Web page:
The information and advice lines at our member centres receive consistent and regular feedback from people anxious that any history of work or earnings will potentially trigger a review, at some point in the future.
7.93 BSL agreed that lack of clarity about the review process for DSP qualification may act as a disincentive to mature age participation.
7.94 It is appropriate that there should be some mechanism for review of a person’s continued qualification for DSP. However, uncertainty about the circumstances of review may be acting as a disincentive to increased workforce participation for DSP recipients. The ALRC therefore recommends that the Guide to Social Security Law be amended to ensure that the parameters for review are consistent with recent amendments to the Social Security Act that allow a DSP recipient to work at least 15 hours per week but fewer than 30 hours per week and remain qualified for DSP.
Recommendation 7–3 The Guide to Social Security Law should be amended to provide that undertaking paid work for fewer than 30 hours per week will not trigger a review of qualification for Disability Support Pension.
 FaHCSIA, Characteristics of Disability Support Pension Recipients June 2011 (2011), 10.
 However, from 1 July 2012, DSP recipients under age 35, with a work capacity of at least eight hours per week, are required to attend regular interviews with Centrelink to develop participation plans to help build their capacity to work: Social Security Act 1991 (Cth) ss 94(1)(da), 94A.
 Ibid s 94. A person must also be at least 16 years of age and meet residence requirements.
 The Tables and the rules to be complied with in applying them are found in Social Security (Tables for the Assessment of Work-related Impairment for Disability Support Pension) Determination 2011.
Social Security Act 1991 (Cth) s 94(1)(a), (1)(b).
 Ibid s 94(1)(c)(i), (2), (5). Alternatively, the person must be participating in the supported wage system: Social Security Act 1991 (Cth) s 94(1)(c)(ii). Persons whose start date for payment was before 11 May 2005 must have had a continuing inability to work 30 hours or more per week: FaHCSIA, Guide to Social Security Law (2013) <www.fahcsia.gov.au/guides_acts> at 21 March 2013, [184.108.40.206].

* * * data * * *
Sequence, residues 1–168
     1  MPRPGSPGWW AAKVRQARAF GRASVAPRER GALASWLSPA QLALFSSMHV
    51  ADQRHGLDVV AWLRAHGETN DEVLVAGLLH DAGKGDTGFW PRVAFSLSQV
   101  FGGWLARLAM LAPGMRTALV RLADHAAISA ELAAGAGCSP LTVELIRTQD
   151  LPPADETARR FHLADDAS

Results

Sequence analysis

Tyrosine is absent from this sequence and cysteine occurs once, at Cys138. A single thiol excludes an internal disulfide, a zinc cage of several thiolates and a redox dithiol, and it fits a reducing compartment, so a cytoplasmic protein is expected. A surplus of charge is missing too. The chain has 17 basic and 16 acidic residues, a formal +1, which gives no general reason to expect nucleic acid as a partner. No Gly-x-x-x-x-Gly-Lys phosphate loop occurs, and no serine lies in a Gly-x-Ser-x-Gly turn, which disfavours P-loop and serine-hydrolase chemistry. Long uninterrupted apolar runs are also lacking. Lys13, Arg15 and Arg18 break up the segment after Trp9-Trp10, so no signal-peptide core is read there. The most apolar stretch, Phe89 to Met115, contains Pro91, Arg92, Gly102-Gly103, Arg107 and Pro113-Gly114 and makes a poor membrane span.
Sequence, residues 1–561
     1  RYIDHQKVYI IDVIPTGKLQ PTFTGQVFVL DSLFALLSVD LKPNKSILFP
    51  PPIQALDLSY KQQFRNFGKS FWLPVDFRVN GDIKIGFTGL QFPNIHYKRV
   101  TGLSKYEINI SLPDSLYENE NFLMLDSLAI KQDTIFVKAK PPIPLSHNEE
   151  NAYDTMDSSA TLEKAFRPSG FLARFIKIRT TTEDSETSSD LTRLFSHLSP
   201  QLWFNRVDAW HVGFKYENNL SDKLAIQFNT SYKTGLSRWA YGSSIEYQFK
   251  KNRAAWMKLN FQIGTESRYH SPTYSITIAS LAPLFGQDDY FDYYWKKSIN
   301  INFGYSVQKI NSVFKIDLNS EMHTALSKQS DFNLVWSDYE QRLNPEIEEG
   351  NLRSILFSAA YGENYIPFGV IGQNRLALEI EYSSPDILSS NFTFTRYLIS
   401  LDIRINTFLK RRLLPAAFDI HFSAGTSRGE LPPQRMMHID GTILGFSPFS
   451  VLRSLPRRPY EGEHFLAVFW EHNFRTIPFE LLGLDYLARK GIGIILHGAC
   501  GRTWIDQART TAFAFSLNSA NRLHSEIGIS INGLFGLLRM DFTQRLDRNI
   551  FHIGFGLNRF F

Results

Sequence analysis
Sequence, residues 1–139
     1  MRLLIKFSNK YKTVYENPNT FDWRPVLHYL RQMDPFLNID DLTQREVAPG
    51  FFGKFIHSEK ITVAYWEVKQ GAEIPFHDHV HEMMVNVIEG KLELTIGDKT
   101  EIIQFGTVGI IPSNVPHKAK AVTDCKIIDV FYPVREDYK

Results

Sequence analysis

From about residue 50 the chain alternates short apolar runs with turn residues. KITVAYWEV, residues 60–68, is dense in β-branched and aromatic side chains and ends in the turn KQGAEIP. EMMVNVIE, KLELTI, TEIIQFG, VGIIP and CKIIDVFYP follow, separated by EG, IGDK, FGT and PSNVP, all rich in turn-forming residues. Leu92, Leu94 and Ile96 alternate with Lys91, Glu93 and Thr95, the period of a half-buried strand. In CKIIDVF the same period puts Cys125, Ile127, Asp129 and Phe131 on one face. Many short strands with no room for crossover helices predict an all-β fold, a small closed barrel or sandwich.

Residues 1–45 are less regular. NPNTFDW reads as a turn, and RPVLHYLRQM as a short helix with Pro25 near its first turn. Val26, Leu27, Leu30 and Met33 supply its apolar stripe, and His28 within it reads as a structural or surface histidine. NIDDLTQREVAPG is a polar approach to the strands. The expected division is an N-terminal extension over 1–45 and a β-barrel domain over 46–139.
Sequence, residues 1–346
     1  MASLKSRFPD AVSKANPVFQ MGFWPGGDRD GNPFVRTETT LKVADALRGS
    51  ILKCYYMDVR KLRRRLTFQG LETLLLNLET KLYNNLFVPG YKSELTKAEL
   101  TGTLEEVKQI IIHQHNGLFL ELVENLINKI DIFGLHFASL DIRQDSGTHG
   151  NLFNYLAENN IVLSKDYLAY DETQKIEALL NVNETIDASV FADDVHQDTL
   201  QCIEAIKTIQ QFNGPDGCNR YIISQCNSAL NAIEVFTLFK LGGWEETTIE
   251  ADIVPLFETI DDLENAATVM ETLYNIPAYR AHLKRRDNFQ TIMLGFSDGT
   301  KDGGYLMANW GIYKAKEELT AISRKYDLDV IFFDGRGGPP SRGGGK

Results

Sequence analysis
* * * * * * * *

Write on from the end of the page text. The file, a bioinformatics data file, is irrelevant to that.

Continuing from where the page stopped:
A person’s impairment is severe if it rates 20 points or more under the Impairment Tables, of which 20 points or more are under a single Impairment Table: Social Security Act 1991 (Cth) s 94(3B).
 Ibid s 94(2)(aa). A person who is assessed as being permanently blind is automatically qualified for a Disability Support Pension, and does not have to demonstrate a continuing inability to work: Social Security Act 1991 (Cth) s 95; FaHCSIA, Guide to Social Security Law (2013) <www.fahcsia.gov.au/guides_acts> at 21 March 2013, [220.127.116.11].
 Senate Community Affairs Committee—Parliament of Australia, 2012–13 Budget Estimates Hearings Families, Housing, Community Services and Indigenous Affairs Portfolio: Answers to Estimates Questions on Notice, Question 354 (FaHCSIA) (24 July 2012).
Social Security Act 1991 (Cth) s 96.
 FaHCSIA, Guide to Social Security Law (2013) <www.fahcsia.gov.au/guides_acts> at 21 March 2013, [18.104.22.168].
 Ibid, [22.214.171.124].
 Ibid, [126.96.36.199].
 Ibid, [6.5].
 Senate Community Affairs Committee—Parliament of Australia, Social Security and Other Legislation Amendment Bill 2011—Schedule 3 (Disability Support Pension Impairment Tables): Responses to Questions on Notice (FaHCSIA) (12 September 2011).
 FaHCSIA, Guide to Social Security Law (2013) <www.fahcsia.gov.au/guides_acts> at 21 March 2013, [3.6.3].
 Taylor Fry, Analysis of the Testing of Draft Impairment Tables (2011), 1.
 DEEWR, DHS and FaHCSIA, Submission 101.
 National Welfare Rights Network (NWRN), Submission 99; National Seniors Australia, Submission 92; Brotherhood of St Laurence, Submission 86.
 National Welfare Rights Network (NWRN), Submission 99.
Social Security Act 1991 (Cth) s 96.